POSTED ON MARCH 19, 2008:
If You Build It, They Will Come
Catholic Charities' new campus takes serving the poor to a new level of convenience
Holy Ground. With more than $19 million in donations and committed pledges, Catholic Charities has scheduled the groundbreaking ceremony for its new one-stop facility for March 25, 2008.
Why do people love Wal-Mart? Three words: One-stop shopping. Convenience is everything in today's fast-paced world, and if you can kill a flock of birds with one stone, then loosen up that throwing arm.
And if the average hardworking American prefers taking care of several needs in one errand, then people who are less fortunate with fewer resources certainly would, too. Catholic Charities of the Diocese of Tulsa has been serving the needs of the poor since 1973, and operates under a budget that receives less than two percent of its funding from the federal government, meaning the majority comes from parishes, private donors, fundraisers and the endowment fund. As one of Tulsa's largest service agencies for the poor (the Salvation Army being the largest), Catholic Charities assists nearly 75,000 people each year and today, with a Wal-Mart frame of mind, the organization takes a big step in its ability to improve the way it benefits its clients. It's called one-stop serving.
In late March of 2006, Catholic Charities blessed the soil for a new campus at Apache Street and Harvard Avenue. The project was a solution to a longtime, easily recognizable problem for the growing organization. In the past, when Catholic Charities needed to add another program, it bought a residence in a neighborhood that would make the services accessible. The challenge therein was how to make these houses suitable and, for some programs, livable. Maintaining a house already in worn condition and covering expenses to keep these residences functioning stunted the growth of Catholic Charities and its ability to follow its mission.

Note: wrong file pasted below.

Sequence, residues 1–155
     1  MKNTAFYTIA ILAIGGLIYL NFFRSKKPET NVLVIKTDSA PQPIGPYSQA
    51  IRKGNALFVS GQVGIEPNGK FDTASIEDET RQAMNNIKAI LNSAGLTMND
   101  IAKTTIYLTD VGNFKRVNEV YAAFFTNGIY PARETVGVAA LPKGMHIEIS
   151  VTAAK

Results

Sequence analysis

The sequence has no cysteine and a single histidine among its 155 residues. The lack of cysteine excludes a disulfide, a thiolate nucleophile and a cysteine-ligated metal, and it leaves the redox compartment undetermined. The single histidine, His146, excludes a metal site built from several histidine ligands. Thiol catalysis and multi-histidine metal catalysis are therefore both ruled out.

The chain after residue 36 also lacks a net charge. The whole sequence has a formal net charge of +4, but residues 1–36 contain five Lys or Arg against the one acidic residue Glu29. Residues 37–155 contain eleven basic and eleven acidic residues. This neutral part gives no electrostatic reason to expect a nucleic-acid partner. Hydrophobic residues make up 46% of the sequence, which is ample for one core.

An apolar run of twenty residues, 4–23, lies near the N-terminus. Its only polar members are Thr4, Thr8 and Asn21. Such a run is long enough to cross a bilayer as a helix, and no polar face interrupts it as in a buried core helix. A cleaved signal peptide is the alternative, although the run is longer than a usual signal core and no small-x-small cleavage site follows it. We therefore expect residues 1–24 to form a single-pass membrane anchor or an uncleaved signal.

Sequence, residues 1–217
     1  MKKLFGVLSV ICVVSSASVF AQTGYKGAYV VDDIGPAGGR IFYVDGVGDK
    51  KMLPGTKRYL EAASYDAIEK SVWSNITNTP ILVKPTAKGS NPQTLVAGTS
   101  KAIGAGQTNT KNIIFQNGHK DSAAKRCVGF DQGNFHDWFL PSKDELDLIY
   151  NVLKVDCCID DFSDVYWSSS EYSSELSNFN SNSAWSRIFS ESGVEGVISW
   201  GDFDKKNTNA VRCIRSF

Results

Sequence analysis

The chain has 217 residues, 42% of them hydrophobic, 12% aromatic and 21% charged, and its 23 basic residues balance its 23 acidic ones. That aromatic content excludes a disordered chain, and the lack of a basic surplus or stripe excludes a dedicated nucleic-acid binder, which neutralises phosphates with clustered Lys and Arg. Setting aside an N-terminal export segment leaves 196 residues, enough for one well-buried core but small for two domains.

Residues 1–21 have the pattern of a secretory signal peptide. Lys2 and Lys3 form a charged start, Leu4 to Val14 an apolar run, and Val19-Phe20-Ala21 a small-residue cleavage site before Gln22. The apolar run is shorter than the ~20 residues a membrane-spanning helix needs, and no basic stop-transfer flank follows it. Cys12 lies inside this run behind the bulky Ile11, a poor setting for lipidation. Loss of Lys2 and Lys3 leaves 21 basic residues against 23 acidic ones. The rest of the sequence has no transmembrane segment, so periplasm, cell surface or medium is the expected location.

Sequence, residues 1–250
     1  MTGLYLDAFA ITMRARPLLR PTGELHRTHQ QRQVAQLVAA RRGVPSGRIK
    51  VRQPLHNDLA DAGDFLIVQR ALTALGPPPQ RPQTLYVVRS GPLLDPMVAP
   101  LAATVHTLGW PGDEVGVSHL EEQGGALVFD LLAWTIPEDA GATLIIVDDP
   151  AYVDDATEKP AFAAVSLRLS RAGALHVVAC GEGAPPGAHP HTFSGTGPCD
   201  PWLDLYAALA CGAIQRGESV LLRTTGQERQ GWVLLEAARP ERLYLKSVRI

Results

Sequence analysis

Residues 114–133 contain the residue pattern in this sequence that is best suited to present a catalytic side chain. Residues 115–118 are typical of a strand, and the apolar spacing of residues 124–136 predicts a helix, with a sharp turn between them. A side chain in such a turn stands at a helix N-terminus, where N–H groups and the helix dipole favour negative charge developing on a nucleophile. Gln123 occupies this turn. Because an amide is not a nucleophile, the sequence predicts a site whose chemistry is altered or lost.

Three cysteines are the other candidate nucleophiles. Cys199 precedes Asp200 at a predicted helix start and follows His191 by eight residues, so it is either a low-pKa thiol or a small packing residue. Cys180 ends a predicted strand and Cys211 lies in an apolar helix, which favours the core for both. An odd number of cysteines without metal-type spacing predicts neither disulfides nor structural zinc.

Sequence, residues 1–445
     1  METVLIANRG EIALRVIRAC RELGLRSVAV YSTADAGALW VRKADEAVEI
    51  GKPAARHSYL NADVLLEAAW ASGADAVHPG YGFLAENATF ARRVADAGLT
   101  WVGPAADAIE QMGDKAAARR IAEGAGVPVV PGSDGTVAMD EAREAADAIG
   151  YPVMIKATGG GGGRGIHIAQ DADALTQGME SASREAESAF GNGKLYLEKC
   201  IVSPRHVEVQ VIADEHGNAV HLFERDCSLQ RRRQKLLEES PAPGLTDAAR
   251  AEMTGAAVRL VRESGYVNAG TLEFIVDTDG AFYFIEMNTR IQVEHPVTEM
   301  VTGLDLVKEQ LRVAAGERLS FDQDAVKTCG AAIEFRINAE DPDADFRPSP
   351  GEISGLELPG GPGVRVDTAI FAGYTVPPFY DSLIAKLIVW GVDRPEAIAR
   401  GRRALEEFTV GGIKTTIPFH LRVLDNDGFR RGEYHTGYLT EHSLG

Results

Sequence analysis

Imagine the difficulty of staff members explaining to a single mother with children to go to Site A for clothing and diapers, Site B for medical service for her sick child and Site C for food.
The Catholic Charities board of directors began to contemplate a new, collective location four to five years ago and looked into purchasing or renovating an existing building already situated downtown. No building captured the board's eyes, and it was quickly decided to start from the ground up.
Two years later, and with more than $19 million in donations and committed pledges, Catholic Charities has scheduled the groundbreaking ceremony for March 25, 2008. With the vigorous efforts of nearly 500 volunteers, the capital campaign was able to reach numerous communities and parishes, Catholic and the non, throughout the Diocese. The campaign's target goal was $16 million, a total that set aside funds for endowment and maintenance.
Tom Tejeda is the building committee chairperson for the project and reports all progress to the board of directors. At this stage, Tejeda, who is a board member himself, is playing numbers games with the architects, project managers and contractors.
"Now we are just churning numbers and getting a price on everything. Staying within budget is an ongoing challenge," said Tejeda. "And even though we're expecting delays, we are shooting for completion in May of 2009."